A uni-directional connection is established in the Ethernet network by configuring in one or more Ethernet switches the association of a VLAN tag to a connection-based active topology instance, a connection-based forwarding database instance, and the mappings in the associated connection-based forwarding database instance. Thus, because the switches are VLAN-aware, the connection-based forwarding method can use the same network physical resources that also have a connectionless based forwarding method running on them.

According to the present invention, QoS requirements for a connection are satisfied by reserving enough network resources on the switches when the connection is provisioned. QoS requirements satisfaction is achievable since at the time when the connection is being provisioned, the switches on the connection path are known, and the incoming ports and outgoing ports on each of the switches on the connection path are known.

An Ethernet frame 700 is forwarded out unchanged since there is no requirement to change the VLAN tag, nor is there a requirement to re-compute FCS 780. Thus, the forwarding process according to the present invention is very fast, having less processing overhead than a conventional Ethernet network.

Each frame 700 received by a VLAN Bridge is classified as belonging to exactly one VLAN by associating a VLAN Identifier (VID) value derived from Qtag type 730 and Tag Control information 740 with the received frame 700. For each frame 700, based on the VID, the switch decides whether to apply the conventional Ethernet forwarding process or the connection-based forwarding process of the present invention. For example, the connection based forwarding process allocates a connection based filtering database instance to the VID. The connection based filtering database is identified by a connection-based filtering identifier (CFID). For a unicast Ethernet frame, the CFID is looked up based on the triple as shown in FIG. 5, i.e., incoming port located in table entry 504, destination MAC address 710 located in table entry 506, and source MAC address 720 of the received Ethernet frame, located in table entry 508. The result of the lookup is a bridge port for transmission.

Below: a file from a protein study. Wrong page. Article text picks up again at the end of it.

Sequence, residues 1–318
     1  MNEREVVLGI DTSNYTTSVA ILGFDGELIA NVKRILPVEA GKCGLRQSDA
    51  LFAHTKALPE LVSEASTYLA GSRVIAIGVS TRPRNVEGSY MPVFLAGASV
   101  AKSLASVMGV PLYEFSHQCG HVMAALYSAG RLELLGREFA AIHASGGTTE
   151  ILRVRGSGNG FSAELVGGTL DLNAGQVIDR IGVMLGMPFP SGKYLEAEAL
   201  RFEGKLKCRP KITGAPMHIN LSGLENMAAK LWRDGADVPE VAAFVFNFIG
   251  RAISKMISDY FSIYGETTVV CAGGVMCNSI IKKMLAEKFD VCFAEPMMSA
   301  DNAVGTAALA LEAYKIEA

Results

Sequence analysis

As shown in FIG. 1 at step 50, once a tagged Ethernet frame 700 is received at a VLAN-aware switch, the connection-based forwarding process associates a connection-based active topology instance and a connection-based forwarding database instance to the frame 700 based on the VID, i.e., VLAN tag. As shown in step 52, the connection-based active topology enforcement is applied on the incoming bridge port of the frame 700 using the associated connection-based active topology instance. If the incoming port is not in the connection-based forwarding state according to the associated connection-based active topology, the frame 700 is discarded, otherwise, processing on the frame 700 continues.

As shown at step 54, the connection-based forwarding process looks up the associated connection-based forwarding database for a mapping formed by the combination of the incoming bridge port, the destination MAC address 710, and the source MAC address 720 of the Ethernet frame 700 in the database instance. If no such mapping exists, the frame is discarded. A successful lookup results in a mapping that is applied to select a set of outgoing bridge ports on the switch.